The Mercedes-Benz team arrived in Palermo with eight sports cars including one of the 300 SLR coupes, 15 private cars, eight trucks and 45 mechanics. Some of these constituted a crew of body experts who worked night and day during practice to straighten out the cars that were being whacked against the rocks and earth of the Italian island during sessions that took place while ordinary traffic was sharing the narrow roads.
Neubauer’s October 6 telegram informed Nallinger, Scherenberg, Uhlenhaut and others that test engineer Mischke had arrived safely in Sicily. Titterington had suffered an accident with the 300 SLR, though with repairable body and rear-suspension damage. Detachment of a headlamp lens on the 300 SLR coupe was noted. Addition to the fleet of a 190 SL with a five-speed transmission from a 220 was reported.
Neubauer’s daily report to Uhlenhaut of October 7 assessed the performance of drivers Fangio, Moss, Herrmann and Kling as good, while Collins “is getting good”. In answer to Uhlenhaut’s criticism that Titterington “had too little racing experience” Neubauer referred to his outstanding performance in the Tourist Trophy. Neubauer came to the defense of his drivers, pointing out that they completed two to four practice laps each day. He considered it important to follow a lap in the 300 SLR with one in a passenger car.
In this way, 109 laps of 44.7 miles were covered in eight driving days. A total of 16,695 practice kilometers were covered on the Piccolo Madonie circuit, 15,843 accounted for by the drivers and the rest by engineers Kostelezky and Mischke. Leader was Fangio with 1,596 miles, followed by Titterington’ s 1,552, Kling’s 1,521 and 1,462 for Moss. Latecomer to the lineup John Fitch covered 1,163 training miles.
On October 10, the Monday of the week before the race, Neubauer reported the arrival of three trucks and his assistant von Korff. In heavy rain Fangio had a minor accident with the 300 SL, damaging a headlamp. This resulted in postponement of a planned night-time practice session in less traffic until damage to the 300 SL and Kling’s 220 a was repaired. On October 12 the cars for the race all covered a lap without problems and completed their night-time practice. On October 13, the Thursday before the Sunday race, they covered their second and last practice lap.
Keeping track of all these cars and drivers plus their rivals was an innovation that was intended for Le Mans but not permitted by the organizers. This was radio-relay communication between the pits and an outpost in the mountains where refreshed notice boards could be displayed to the drivers. This was of great value for the Targa Florio, where the provision of information from the pits at Cerda meant that drivers could only be updated every very long lap. Moreover the cars were released at 30-second intervals, which made it even more difficult for team managers to monitor and report what was happening.
Their equipment consisted of Siemens Funk 516Y 333 two-way radio units installed in two passenger cars—a 170 S-V and a 180. After numerous trials the intrepid test technicians found a good location for their outpost at the edge of a quarry near Caltavuturo at an altitude of 2,100 feet, about 18 miles after the start/finish. Their information boards told drivers about the current race standing. “With two-way short-wave radio,” said engineer Heinz Lamm, “it was possible to inform the drivers about their position in the race and their last lap time very rapidly. The pits were quickly advised of any developments.”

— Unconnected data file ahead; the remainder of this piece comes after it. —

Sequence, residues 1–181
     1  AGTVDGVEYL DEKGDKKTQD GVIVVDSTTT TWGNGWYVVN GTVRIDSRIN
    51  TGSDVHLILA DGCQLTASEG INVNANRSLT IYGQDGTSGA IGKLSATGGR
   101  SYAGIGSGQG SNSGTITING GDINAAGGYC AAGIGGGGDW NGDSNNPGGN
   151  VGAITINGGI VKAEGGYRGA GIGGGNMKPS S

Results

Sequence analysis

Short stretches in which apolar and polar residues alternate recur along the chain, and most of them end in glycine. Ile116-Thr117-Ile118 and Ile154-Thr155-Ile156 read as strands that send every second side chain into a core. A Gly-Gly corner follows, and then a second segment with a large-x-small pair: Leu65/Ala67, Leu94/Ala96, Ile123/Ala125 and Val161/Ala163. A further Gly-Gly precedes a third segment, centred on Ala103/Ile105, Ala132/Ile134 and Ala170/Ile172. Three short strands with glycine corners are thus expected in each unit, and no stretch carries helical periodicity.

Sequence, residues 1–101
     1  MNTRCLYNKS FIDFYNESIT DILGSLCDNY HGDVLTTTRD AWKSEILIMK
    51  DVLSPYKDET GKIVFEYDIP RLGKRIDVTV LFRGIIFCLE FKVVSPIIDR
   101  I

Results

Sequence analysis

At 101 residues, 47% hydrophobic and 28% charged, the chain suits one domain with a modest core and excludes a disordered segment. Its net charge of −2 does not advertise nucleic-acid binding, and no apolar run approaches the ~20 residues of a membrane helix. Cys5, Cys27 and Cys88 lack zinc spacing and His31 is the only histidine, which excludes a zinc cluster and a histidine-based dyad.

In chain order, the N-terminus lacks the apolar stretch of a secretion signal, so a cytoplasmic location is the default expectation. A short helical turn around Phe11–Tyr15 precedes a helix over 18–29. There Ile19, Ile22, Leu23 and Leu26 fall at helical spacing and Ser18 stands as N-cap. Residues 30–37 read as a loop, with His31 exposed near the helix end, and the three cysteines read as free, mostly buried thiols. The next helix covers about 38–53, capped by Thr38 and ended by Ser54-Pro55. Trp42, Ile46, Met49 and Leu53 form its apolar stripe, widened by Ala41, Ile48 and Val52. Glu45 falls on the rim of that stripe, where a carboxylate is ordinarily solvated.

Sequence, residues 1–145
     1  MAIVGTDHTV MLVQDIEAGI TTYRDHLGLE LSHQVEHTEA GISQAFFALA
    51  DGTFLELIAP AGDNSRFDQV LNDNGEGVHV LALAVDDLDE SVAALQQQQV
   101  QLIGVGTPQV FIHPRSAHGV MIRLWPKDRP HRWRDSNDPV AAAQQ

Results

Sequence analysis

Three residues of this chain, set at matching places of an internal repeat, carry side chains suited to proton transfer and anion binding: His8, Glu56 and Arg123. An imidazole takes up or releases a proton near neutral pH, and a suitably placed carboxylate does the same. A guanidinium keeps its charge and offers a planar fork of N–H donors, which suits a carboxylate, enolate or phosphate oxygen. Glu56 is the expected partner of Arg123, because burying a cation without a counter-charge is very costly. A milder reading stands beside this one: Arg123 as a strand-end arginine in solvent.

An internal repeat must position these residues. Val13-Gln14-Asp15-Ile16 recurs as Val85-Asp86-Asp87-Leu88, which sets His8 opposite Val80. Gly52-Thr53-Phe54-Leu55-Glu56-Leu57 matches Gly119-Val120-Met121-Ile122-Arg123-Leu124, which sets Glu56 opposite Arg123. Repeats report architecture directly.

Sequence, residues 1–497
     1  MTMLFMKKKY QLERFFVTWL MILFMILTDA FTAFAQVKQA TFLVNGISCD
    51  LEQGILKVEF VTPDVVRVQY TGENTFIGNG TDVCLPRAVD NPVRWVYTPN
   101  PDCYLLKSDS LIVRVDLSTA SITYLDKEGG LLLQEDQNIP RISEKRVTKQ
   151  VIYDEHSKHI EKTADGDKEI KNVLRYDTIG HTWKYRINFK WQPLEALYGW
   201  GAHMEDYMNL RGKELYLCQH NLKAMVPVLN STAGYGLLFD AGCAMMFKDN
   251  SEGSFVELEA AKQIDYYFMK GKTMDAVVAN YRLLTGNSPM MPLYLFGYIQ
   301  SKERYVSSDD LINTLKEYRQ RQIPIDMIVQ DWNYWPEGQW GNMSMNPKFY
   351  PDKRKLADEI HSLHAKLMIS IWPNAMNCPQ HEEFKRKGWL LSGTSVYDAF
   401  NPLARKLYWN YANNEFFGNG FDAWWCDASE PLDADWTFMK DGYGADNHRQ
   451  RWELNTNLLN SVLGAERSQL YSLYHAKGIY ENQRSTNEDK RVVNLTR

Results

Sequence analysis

Starting sequences were determined by a ballot in the office of the organizers. With the race rules limiting each driver’s session to five laps, a roster was laid down for the 13-lap race. Mercedes-Benz absolutely wanted to prevent two cars standing in the pits for servicing at the same time:
• Team Moss/Collins, starting number 104
• 1st cycle – Moss: 4 laps; Collins: 4 laps
• 2nd cycle – Moss: 5 laps
• Team Titterington/Fitch, starting number 106
• 1st cycle – Titterington: 5 laps; Fitch: 3 laps
• 2nd cycle – Titterington: 5 laps
• Team Fangio/Kling, starting number 112
• 1st cycle – Fangio: 5 laps; Kling: 3 laps
• 2nd cycle – Fangio: 5 laps
Though steady rain for almost a week before the race brought torrents carrying mud and rubble that flooded sections of the route, the sun shone obligingly on the day of the Targa. “I hardly slept at all the night before the race,” Moss recalled, “and felt pretty awful when I arrived at the start between the sea and the small town of Cerda. I perked up once seated in the car and felt better still when I found myself in the lead! Eugenio Castellotti, Ferrari’s great hope, lay second, with Fangio on his tail third. I accumulated a minute’s lead on my opening lap and after three laps my cushion was five minutes.
“Far up in the mountains,” Stirling added, “I was just leaving a right-hand curve and had the car set up nicely through a fast left-hander when I lost control on either mud or loose gravel. The SLR bounced off a bank and hurtled straight off the edge of the road into space. I was quite frightened at this point because I hadn’t a clue whether we were flying over a drop of three feet or three hundred! Fortunately the roadside field sloped downhill just there. When I crunched down to earth I had fallen only ten or twelve feet. The problem then was to find a way back on to the road because the car, although battered, was still running.